Criminal complaints pending with the police
“In the circular, the Dubai Attorney General’s office has advised the General Department of Criminal Investigation to further communicate to all police stations to dismiss all criminal complaints which relate to decriminalised cases and to seize all warrants issued against the accused,” Wadhwana said.
Criminal cases under investigation
As for cases that are currently under investigation, the office advised the Public Prosecution office to administratively close the cases where investigations have not commenced or to stay the investigation in case it has commenced and to issue seizure of search warrants against the accused.
“Additionally, the Dubai Attorney General’s Office [in the circular] asked the Public Prosecution department to release the accused who are in detention. Public Prosecution can continue with their investigation for acts which are still deemed as a crime under the amendment,” Wadhwana added.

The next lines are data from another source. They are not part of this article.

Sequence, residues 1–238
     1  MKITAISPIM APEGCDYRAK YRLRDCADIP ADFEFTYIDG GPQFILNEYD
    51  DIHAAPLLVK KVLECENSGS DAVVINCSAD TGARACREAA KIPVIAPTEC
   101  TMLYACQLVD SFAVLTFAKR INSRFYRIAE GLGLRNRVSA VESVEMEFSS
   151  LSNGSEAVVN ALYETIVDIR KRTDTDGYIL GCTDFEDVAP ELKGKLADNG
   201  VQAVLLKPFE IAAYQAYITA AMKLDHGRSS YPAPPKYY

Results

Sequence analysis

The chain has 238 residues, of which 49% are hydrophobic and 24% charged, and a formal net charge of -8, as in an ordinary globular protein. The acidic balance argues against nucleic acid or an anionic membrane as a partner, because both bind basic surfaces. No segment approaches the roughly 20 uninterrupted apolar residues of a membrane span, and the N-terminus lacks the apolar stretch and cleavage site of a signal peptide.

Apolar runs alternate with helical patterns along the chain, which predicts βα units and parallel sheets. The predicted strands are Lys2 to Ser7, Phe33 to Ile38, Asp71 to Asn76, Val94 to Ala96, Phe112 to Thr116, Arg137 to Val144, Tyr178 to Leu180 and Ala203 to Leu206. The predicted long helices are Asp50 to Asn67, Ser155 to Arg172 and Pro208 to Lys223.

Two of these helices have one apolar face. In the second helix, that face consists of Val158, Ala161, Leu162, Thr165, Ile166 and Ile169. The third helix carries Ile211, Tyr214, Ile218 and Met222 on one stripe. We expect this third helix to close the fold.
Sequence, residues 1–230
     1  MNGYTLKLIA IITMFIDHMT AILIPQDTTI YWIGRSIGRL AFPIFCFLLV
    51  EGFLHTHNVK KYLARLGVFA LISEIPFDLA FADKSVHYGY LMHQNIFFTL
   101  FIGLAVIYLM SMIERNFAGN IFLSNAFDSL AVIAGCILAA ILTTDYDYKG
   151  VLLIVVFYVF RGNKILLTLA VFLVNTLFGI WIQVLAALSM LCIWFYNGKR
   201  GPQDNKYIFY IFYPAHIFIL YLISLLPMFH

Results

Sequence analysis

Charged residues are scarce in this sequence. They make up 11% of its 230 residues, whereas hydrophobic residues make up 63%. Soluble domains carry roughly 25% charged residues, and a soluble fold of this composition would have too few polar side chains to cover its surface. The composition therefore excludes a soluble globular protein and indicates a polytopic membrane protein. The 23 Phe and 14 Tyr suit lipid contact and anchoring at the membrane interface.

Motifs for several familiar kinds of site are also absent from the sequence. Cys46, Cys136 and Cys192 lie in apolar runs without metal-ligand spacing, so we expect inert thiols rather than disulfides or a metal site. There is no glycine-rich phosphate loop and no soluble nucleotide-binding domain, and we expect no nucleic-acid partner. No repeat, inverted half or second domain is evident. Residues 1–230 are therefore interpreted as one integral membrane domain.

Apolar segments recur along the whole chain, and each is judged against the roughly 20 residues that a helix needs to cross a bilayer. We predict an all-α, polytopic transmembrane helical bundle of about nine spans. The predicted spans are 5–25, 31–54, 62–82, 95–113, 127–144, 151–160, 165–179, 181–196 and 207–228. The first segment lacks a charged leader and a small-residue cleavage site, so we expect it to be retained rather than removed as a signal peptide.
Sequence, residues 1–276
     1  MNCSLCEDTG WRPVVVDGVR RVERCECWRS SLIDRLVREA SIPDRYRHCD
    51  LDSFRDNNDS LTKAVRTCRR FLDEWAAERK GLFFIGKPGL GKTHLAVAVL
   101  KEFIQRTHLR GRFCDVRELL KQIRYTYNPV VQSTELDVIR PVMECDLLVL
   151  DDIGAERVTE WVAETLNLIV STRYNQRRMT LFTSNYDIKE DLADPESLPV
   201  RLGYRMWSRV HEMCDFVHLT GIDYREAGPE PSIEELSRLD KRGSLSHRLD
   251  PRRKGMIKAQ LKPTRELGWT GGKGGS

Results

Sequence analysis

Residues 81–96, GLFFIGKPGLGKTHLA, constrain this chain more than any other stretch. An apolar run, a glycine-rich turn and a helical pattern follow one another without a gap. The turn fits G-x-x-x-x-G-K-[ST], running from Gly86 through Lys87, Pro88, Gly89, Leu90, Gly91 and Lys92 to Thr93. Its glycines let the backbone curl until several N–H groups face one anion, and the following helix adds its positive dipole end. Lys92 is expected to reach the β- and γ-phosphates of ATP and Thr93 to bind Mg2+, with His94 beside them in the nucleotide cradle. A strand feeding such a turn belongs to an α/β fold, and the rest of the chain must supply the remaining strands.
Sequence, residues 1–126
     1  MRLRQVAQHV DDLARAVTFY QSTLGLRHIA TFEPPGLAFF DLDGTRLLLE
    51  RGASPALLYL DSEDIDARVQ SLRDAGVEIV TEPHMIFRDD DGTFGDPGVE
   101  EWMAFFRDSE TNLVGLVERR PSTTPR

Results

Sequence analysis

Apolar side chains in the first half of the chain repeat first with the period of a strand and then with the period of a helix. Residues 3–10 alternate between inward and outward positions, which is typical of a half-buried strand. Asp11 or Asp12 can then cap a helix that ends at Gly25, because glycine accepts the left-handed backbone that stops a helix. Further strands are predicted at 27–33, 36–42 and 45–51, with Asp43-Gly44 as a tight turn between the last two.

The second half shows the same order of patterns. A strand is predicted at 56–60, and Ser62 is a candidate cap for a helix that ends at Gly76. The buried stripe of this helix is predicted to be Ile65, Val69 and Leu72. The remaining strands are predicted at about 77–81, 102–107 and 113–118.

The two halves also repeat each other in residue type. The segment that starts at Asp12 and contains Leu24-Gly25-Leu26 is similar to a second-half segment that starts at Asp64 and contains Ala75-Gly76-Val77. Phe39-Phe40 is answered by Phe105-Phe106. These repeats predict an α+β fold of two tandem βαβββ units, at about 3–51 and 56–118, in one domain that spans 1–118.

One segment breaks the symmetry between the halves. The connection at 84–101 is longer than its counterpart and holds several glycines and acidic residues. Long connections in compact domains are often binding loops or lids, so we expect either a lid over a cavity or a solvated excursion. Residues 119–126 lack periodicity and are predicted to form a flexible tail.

Criminal cases with Court of First Instance
“Dubai Public Prosecution office shall request for acquittal of the accused which relates to the crimes that are now decriminalised,” Wadhwana said.
Criminal judgements that are under execution i.e. arrest of the accused
The court department will ensure to issue executive orders to release the accused, stop the travel ban and seize arrest warrant, according to the circular, Wadhwana said. “This needs to be done by January 2, 2022,” he added.
The circular was issued on December 19, 2021.
Criminal judgements that are not yet executed i.e. arrest has not been affected
The court department will ensure to issue orders to stop the travel ban and lift all warrants.
“The effect is that the police and court officers will start to dismiss complaints that are pending in police or prosecution and release the accused that have been subject to penalty under the old criminal law of dishonour of cheques,” Wadhwana added.
“Lastly, I would recommend to the readers to take legal guidance if their cases or judgements fall within the decriminalised acts pursuant to the amendments,” Wadhwana said.